There’s a lot of debate about if and where additive manufacturing technologies (such as 3D printing) will disrupt current manufacturing industries. Some argue that it’s a low-quality prototyping technology that is unlikely to cause any major change to mass production industries. For example, a Deloitte report (http://bit.ly/YELqOH) concluded:
“While the technology has several unique applications and is expected to experience considerable growth in the long run, for the foreseeable future it will likely remain a specialized application that for the most part will complement, not replace, traditional forms of production.”
This analysis misses a crucial point that Clayton Christensen didn’t acknowledge until his later books – it’s not enough to focus on the technology; you have to understand the effect on the business model. I’m working this summer with some very bright students to understand if and where additive manufacturing (AM) will disrupt traditional industries.
Where will AM disrupt traditional industries? Where there’s the right balance of QUICKLY characteristics:
- Quality of production needed – can current additive manufacturing technologies produce adequate quality? In some cases, the answer is already yes. Plastic, ceramic, and metal parts that don’t need to be especially strong can be made easily now.
- Improvement potential – is there an opportunity to make the part/assembly better with AM? Some assemblies are made from multiple parts because of the limitations of current manufacturing technologies. Some parts are made in a suboptimal way because of manufacturing limitations. Given that complexity is free with AM and certain geometries are producible only with AM, there’s potential for better parts with AM.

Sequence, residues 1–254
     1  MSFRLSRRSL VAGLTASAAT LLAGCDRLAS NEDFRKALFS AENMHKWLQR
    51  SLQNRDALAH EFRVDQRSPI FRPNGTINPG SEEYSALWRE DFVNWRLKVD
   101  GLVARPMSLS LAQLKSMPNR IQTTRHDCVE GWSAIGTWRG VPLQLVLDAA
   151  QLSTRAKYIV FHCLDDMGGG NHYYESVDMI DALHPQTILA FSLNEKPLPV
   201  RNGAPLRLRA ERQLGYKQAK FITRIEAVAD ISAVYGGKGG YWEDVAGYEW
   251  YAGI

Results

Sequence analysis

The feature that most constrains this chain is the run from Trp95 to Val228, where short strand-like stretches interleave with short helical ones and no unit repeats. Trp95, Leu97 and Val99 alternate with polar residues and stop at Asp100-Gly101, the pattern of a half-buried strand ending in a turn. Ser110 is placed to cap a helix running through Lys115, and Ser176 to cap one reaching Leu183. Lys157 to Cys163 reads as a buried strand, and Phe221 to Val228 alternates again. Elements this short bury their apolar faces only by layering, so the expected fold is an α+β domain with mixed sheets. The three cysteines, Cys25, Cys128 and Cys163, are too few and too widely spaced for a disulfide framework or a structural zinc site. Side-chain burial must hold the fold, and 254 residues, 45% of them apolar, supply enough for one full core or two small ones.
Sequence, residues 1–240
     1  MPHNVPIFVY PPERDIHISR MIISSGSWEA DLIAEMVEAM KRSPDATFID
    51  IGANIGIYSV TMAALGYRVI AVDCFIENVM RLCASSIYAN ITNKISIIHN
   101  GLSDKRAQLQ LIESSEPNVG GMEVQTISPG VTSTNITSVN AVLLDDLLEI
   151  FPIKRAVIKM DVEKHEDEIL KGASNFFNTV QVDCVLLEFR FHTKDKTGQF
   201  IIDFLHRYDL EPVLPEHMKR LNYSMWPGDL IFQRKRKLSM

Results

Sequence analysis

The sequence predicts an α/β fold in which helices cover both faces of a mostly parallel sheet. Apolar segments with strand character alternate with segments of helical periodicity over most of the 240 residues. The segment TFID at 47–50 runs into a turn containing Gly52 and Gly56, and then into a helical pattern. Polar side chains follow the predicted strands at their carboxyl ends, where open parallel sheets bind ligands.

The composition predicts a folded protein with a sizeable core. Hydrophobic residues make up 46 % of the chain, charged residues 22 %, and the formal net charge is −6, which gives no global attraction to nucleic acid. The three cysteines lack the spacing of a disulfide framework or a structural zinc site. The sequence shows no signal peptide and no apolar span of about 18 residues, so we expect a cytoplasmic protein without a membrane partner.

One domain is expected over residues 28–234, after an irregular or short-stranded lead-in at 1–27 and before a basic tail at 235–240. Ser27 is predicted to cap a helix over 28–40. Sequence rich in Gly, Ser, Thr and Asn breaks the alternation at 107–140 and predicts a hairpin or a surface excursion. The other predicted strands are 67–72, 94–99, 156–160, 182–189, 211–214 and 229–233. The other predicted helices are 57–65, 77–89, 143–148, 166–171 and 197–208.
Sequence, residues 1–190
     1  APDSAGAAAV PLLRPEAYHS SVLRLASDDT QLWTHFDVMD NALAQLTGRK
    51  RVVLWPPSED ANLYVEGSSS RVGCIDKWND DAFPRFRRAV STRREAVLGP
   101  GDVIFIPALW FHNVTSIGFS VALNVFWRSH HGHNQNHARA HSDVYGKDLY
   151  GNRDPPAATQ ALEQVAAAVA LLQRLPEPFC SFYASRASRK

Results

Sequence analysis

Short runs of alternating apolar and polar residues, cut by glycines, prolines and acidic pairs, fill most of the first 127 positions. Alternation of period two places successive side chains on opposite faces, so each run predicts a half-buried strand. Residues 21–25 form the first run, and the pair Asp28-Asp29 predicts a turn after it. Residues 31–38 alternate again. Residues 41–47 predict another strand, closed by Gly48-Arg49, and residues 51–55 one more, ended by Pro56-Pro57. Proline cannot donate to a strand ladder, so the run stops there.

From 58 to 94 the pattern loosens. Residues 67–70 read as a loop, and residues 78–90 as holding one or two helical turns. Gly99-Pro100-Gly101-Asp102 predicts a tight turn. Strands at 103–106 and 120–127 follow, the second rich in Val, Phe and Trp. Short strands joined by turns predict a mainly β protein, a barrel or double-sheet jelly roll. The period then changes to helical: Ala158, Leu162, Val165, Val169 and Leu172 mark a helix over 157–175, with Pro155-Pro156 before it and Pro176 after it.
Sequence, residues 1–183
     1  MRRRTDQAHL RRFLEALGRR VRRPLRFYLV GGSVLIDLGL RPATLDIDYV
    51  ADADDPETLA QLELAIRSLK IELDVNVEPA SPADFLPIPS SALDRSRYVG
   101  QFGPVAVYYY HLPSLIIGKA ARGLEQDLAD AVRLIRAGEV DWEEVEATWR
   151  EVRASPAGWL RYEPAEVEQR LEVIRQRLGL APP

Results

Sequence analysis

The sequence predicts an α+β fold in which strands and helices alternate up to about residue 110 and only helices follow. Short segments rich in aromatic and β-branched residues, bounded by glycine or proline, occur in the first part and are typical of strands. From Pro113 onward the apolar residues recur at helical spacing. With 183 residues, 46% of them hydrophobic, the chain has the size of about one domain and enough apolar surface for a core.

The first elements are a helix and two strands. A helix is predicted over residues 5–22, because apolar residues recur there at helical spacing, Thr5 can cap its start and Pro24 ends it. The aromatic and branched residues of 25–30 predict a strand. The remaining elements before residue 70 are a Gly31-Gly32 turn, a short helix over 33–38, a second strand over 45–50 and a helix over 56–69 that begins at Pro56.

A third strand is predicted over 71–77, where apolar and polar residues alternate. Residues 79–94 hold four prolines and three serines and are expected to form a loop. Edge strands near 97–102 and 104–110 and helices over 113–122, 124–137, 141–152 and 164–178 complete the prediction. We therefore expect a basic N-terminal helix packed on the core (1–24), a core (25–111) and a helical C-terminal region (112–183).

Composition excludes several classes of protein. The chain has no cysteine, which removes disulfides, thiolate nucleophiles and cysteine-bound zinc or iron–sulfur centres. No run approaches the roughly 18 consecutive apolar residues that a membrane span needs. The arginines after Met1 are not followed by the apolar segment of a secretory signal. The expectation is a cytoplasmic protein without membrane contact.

- Cost of part/assembly – what is cost for 1/10/100/1000 parts? Some parts require expensive dies or molds that can wear out over time or be expensive to store. If small volumes are needed of a part, then the cost per part can be very high if produced using traditional technologies.
- Knowledge needed in repair process – how much expertise is required to repair the product?
- Level of demand – how many parts are needed per year?
- Years of product life – how long will repair or replacement parts be needed? Some products like clothing dryers or aircraft carriers have expected service lives in the decades, and will need spare parts for a long time.
We’re looking for parts where there’s the right balance of QUICKLY characteristics. I’m sure there’s some company out there that:
- Sells their product in a very competitive market for very close to production cost.
- Has customers that keep their products in use for many years.
- Has customers that require spare parts to keep the product running, but not in very high volumes.
- Charges a great deal for spare parts, and makes most of their profit on those spare parts and service sales.
- Has simple enough products that others can learn how to service the product.
- Whose replacement parts do not need to be especially strong or finely machined.
For an industry to be disrupted, it’s not necessary that all service and repair parts be producible by AM techniques; only that many of the profitable parts be producible. Take clothing dryers for example: if the axle that the clothes drum spins around breaks, you won’t make a replacement using AM technologies. But if an air duct shatters on a 10-year old dryer, it’s very possible that you can make a replacement cheaper and faster with AM. If enough parts (with enough profits) are like the air duct, and if the dryer manufacturer’s business model depends on the profits from those replacement parts, then we could see a major change in the industry.
The Internet didn’t have to replace all parts of the newspaper to disrupt the industry; just the classified ads (where most of the profit came from). Similarly, AM doesn’t have to replace all the parts of a clothing dryer to disrupt the industry – just the ones that earn the manufacturer most of its profits.